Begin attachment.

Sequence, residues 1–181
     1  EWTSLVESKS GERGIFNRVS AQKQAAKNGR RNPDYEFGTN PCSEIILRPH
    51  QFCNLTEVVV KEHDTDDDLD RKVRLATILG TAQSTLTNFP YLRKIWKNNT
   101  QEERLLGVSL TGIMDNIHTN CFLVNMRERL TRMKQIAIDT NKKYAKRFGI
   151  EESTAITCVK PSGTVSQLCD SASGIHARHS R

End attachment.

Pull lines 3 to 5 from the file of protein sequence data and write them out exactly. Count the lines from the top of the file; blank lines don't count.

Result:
    51  QFCNLTEVVV KEHDTDDDLD RKVRLATILG TAQSTLTNFP YLRKIWKNNT
   101  QEERLLGVSL TGIMDNIHTN CFLVNMRERL TRMKQIAIDT NKKYAKRFGI
   151  EESTAITCVK PSGTVSQLCD SASGIHARHS R